The Accuracy of BMI Measurements

An unseen doctor takes her patient's weight measurements.

The body mass index (BMI) has long been used as a measurement method to determine a person’s health in relation to their weight. While it remains popular due to its relative ease of use, some have questioned the accuracy of this tool.

Is the BMI always an accurate representation of one’s health? What are the limitations of this popular tool? And if the BMI doesn’t work for me, are there other alternatives I can use to measure my body composition?

Learn the answers to these questions, and more, by reading this article.

What Is BMI?

The body mass index (often abbreviated to ‘BMI’) is a simple measurement tool used to categorize and assess people’s health based on their weight.

How to calculate BMI?

It is calculated by dividing a person’s weight in kilograms by the square of their height in meters (kg/m²). In other words:

BMI = weight (kg) / [height (m)]²

The calculation results in a number that quantifies the person’s health into one of four categories: underweight, normal weight, overweight and obese.

There are plenty of BMI calculator tools online that can help you do this calculation quickly. This includes TexomaCare’s very own BMI calculator.

Are BMI Scales Accurate?

The answer is complex. While the BMI is a simple and accessible tool, there are some factors that may influence the accuracy of one’s results.

Issues with the BMI include:

  • It does not account for muscle mass. The BMI does not recognize the difference between muscle and fat. For example, an athlete with a high muscle mass may be categorized as overweight by the BMI despite having a low body fat percentage.
  • It is not individualized. BMI measurements do not consider a variety of factors, including age, gender, bone density and fat distribution. This makes the tool prone to misclassification.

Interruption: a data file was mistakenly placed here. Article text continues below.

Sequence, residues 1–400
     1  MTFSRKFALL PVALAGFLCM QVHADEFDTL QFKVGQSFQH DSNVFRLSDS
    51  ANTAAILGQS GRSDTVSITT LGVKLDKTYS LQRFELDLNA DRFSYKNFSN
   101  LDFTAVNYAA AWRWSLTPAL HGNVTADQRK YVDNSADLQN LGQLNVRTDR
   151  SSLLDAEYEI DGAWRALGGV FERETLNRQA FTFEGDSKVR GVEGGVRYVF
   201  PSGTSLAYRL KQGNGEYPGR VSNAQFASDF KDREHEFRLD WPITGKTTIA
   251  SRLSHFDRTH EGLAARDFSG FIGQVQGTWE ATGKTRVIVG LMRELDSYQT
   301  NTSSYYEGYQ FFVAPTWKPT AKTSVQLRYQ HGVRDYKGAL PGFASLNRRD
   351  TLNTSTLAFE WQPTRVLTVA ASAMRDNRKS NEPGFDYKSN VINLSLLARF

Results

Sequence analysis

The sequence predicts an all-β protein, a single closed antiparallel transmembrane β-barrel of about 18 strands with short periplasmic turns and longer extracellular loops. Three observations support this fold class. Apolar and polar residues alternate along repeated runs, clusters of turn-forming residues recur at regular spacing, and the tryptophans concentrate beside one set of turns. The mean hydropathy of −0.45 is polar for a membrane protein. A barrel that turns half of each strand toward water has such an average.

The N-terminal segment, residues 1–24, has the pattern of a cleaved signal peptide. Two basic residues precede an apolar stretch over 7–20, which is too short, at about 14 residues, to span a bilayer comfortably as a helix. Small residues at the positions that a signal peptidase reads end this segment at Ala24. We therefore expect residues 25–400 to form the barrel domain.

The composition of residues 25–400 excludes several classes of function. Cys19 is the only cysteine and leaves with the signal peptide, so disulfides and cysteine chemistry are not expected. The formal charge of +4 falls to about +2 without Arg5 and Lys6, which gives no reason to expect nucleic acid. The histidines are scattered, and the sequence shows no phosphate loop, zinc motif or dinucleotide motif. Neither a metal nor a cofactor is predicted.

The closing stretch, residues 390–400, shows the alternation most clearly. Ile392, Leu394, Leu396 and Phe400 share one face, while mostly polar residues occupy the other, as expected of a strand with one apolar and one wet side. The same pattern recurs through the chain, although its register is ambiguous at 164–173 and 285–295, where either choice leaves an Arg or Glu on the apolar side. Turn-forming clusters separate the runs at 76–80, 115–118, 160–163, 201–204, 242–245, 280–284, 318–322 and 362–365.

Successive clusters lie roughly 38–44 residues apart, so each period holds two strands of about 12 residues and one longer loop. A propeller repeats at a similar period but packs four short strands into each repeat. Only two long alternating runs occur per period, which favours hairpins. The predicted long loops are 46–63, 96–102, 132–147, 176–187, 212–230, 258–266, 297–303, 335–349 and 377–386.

• It does not account for waist circumference. Measuring waist circumference can provide more insight into health risks, particularly those associated with abdominal obesity. Even in people with a ‘normal’ BMI, an increased waist size may pose higher risk of heart disease or diabetes.

Overall, while this can be a quick and effective tool in providing an overview of one’s weight and health, its oversimplified nature may obscure the reality of one’s health. The BMI is good for a surface level snapshot of one’s health, but should not be used as a substitution for medical screenings.

What to Use Instead of BMI?

If you want to gain deeper insight into your health in relation to your weight, there are other tools and diagnostic methods that may give you a more accurate assessment of your body’s composition.

1. Body fat percentage

Body fat percentage is a measure of how much of your body is made up of fat. It includes both essential body fat (as in the fat we need for life and reproductive functions) and storage body fat. You can use tools like skinfold calipers, hydrostatic weighing, and bioelectrical impedance analysis to estimate your body fat percentage.

2. Waist-to-Hip Ratio

The waist-to-hip ratio, on the other hand, compares the circumference of the waist to that of the hips. It can indicate the distribution of body fat and is linked to the risk of cardiovascular disease.

3. Dual-Energy X-ray Absorptiometry (DXA)

DXA scans can provide detailed information about body composition, including bone density, fat mass, and muscle mass. Although not widely available for routine health assessments, it is considered a gold standard for body composition analysis.

4. Basal Metabolic Rate (BMR)

Understanding an individual’s BMR can help in assessing the amount of energy expended while at rest and can be used in conjunction with other metrics to gain a more comprehensive understanding of health.

Understand Your Health

While the BMI is a widely recognized tool for categorizing weight categories, it is not without its flaws. Its lack of precision in accounting for individual differences in individual body compositions make it an imperfect measure of health. While health professionals consider BMI in their health screenings, it is but one tool used in assessing health and other risk factors.

If you want to learn more about your health, TexomaCare is here to help.

Located in Denison, Texas, TexomaCare Weight Loss Surgery Center provides procedural options including gastric bypass surgery for people just like you looking for weight-loss solutions. Call us today at 903-416-6490 or take our health risk assessment to find out if weight-loss surgery is an option for you.


Individual results may vary. There are risks associated with any surgical procedure. Talk with your doctor about these risks to find out if bariatric surgery is right for you.

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